Building cloud-based community knowledge about machine learning to predict and understand extreme weather
The National Center for Atmospheric Research (NCAR) is a federally funded research and development center sponsored by the National Science Foundation. It engages in large-scale Earth system science research projects in collaboration with the broader university community. NCAR hosts visitors from around the world, develops community models including the Community Earth System Model and the Weather Research and Forecasting Model, and maintains supercomputers, observational systems, and aircraft to support further study on the how the planet works.
As part of the Amazon Sustainability Data Initiative, we invited Dr. David John Gagne, machine learning (ML) scientist at NCAR, to share how open data and machine learning on Amazon Web Services (AWS) are impacting the way we predict and understand extreme weather.
Tell us about your background and what you are currently researching?
I have been working at the intersection of machine learning and atmospheric science since 2007 with a focus on using machine learning to predict and understand extreme weather, such as hail, tornadoes, and hurricanes. I completed my PhD in meteorology at the University of Oklahoma in 2016 and have been at NCAR since then. I am now head of the analytics and integrative machine learning group in the Computational and Information Systems Lab. We are engaged in cross-disciplinary collaborations across NCAR to develop machine learning systems for predicting and explaining severe weather along with multiple projects to emulate computationally expensive earth system process models.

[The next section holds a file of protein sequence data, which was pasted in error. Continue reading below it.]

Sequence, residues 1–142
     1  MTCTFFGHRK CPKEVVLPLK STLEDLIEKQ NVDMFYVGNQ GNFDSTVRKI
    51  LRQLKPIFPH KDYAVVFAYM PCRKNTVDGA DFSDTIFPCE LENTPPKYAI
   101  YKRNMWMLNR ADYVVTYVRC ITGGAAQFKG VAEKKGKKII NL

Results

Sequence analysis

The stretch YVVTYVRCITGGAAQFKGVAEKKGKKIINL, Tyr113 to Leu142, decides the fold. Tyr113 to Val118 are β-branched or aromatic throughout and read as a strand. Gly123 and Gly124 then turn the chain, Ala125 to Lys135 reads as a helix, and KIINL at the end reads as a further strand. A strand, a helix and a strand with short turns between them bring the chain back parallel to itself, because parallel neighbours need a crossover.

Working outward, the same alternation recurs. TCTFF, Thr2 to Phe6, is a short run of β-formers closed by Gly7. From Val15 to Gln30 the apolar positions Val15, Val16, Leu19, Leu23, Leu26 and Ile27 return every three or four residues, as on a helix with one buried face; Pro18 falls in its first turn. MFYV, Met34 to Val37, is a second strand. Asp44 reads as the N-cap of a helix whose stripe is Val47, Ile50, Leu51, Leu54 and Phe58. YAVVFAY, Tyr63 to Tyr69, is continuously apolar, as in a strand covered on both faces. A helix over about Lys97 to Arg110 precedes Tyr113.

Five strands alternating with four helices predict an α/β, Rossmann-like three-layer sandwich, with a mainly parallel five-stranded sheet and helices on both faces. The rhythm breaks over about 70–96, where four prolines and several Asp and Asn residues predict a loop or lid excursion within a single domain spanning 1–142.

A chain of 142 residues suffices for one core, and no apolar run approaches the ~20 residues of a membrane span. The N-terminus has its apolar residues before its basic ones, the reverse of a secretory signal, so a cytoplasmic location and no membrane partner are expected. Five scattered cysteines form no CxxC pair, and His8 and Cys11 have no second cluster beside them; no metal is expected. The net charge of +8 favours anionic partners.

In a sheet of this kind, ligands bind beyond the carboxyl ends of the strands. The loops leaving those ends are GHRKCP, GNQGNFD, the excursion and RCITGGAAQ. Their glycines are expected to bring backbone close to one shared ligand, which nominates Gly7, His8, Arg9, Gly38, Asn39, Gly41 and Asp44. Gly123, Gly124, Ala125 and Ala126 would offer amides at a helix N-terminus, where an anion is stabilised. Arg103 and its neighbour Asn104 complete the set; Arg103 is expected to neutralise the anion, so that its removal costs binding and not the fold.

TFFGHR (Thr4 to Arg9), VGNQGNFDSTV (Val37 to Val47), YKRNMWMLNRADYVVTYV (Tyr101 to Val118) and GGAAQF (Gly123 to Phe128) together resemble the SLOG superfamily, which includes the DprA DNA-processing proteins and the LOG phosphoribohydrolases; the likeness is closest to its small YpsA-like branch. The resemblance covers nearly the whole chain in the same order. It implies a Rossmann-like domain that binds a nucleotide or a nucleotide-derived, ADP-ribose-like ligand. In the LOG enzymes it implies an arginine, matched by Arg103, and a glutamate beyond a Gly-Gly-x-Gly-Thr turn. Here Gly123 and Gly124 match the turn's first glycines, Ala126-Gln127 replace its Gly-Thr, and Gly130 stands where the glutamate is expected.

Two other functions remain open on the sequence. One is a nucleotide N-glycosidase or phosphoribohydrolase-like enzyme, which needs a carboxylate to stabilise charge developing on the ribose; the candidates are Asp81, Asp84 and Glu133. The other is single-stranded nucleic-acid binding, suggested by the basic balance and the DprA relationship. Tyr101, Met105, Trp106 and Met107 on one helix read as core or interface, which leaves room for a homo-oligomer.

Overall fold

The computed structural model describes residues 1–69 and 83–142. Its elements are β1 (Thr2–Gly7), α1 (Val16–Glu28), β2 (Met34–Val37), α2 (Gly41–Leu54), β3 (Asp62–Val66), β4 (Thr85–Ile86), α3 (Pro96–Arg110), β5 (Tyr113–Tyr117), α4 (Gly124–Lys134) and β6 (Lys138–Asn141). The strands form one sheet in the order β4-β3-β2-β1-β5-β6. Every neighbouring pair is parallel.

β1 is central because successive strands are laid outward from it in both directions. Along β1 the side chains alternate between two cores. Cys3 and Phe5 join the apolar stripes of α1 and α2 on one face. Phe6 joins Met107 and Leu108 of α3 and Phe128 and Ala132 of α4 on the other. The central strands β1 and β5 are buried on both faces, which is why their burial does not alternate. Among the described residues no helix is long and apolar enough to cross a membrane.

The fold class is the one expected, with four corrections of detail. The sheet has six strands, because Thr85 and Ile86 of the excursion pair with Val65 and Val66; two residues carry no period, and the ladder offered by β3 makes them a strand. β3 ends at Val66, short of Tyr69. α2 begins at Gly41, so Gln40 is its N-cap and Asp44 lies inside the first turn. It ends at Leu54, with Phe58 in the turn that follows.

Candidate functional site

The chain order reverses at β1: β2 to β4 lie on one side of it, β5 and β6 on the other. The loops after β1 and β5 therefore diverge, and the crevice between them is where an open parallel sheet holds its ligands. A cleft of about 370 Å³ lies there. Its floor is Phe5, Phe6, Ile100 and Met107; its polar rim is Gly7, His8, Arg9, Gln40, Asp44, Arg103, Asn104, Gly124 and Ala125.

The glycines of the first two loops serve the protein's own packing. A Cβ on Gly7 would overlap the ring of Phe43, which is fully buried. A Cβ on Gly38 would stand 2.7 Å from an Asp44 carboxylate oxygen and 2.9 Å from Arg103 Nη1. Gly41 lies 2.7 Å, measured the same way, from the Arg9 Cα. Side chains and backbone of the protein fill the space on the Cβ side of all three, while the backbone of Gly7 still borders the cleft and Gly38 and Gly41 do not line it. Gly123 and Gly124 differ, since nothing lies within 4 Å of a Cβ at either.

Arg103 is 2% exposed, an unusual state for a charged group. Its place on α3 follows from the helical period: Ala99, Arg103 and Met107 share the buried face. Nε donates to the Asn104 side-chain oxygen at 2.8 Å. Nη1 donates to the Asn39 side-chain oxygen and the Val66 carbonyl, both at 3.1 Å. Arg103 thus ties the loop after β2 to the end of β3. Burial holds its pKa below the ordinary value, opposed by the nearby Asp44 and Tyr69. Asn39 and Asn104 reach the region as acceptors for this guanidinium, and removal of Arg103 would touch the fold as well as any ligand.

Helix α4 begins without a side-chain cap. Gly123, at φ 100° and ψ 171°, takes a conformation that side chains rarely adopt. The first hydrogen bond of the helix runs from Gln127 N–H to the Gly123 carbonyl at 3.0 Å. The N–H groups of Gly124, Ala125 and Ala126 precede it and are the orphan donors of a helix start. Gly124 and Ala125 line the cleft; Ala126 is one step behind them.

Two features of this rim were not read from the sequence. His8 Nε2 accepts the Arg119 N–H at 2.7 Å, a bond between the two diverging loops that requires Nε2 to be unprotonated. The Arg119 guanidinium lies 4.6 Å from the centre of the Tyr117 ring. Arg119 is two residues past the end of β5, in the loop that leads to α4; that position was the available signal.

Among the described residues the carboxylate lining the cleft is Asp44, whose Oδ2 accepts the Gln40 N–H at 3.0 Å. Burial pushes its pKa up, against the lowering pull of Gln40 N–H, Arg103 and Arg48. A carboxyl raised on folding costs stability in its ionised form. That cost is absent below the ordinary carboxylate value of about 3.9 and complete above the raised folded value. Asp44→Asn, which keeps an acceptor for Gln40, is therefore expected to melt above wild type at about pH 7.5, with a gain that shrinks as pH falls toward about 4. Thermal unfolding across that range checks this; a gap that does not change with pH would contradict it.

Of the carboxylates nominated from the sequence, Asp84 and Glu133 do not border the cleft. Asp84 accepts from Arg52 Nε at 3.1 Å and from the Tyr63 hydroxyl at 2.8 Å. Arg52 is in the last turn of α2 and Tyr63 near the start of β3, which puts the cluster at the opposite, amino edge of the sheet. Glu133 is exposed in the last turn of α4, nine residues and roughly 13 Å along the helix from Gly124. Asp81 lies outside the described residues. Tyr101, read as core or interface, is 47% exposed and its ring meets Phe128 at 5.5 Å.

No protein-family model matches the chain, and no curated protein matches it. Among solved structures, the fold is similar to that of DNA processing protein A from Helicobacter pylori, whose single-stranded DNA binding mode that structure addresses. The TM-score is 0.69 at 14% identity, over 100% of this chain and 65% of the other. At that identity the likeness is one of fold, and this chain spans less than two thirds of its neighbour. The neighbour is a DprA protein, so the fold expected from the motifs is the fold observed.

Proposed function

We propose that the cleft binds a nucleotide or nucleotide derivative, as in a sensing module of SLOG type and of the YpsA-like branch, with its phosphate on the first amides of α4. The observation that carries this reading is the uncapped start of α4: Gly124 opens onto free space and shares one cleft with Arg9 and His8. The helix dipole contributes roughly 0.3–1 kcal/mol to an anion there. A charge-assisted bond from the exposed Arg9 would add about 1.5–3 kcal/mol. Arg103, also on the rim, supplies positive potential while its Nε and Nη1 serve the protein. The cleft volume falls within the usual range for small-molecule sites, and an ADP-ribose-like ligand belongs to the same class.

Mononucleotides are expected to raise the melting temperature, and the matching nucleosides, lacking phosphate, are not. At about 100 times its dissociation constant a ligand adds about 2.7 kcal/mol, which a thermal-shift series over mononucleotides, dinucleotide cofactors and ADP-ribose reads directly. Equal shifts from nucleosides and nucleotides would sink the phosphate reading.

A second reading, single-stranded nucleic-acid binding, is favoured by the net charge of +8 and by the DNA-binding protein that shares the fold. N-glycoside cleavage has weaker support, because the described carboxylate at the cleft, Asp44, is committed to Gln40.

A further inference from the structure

What is the Artificial Intelligence 4 Earth System Science (AI4ESS) Summer School and why is NCAR hosting it?
The AI4ESS Summer School is a week-long virtual educational event aimed at educating the earth system science community about the fundamentals of artificial intelligence (AI), ML, and deep learning; current applications of AI in Earth System Science (ESS), and emerging ML methods that could be broadly useful to the community. This year’s event was hosted virtually between June 22 and 26, and we had an average of 1,500 people per day tune in to watch the lectures from 40 different countries. We recorded participants from North and South America, Africa, Europe, and Asia. The program featured 15 livestreamed lectures from experts at the intersection of AI and ESS.
We also held a week-long hackathon with five challenge problems: nowcasting lightning with GOES-16 satellite data (to help predict storms earlier, enabling more time for people to seek shelter); predicting El Nino Southern Oscillation (ENSO) (to improve predictions of precipitation patterns and downstream effects); emulating the GECKO-A atmospheric chemistry model (to help with more accurate projections of air quality); speeding up the processing of a holographic cloud particle imager (to help with faster processing of data in the study of how well clouds can reflect light and produce precipitation); and emulating warm rain processes in a climate model (to use less compute power in the study the impact of warm rain on the climate). By speeding up computationally intensive algorithms with emulation and enabling easy access to heterogeneous computing, such as GPUs, AI can help promote more sustainable computing in ESS. Over 150 people participated in the hackathon and wrote 33,000 Slack messages. About half of our participants were graduate students and postdocs with the rest spanning from pre-college students to experienced research scientists.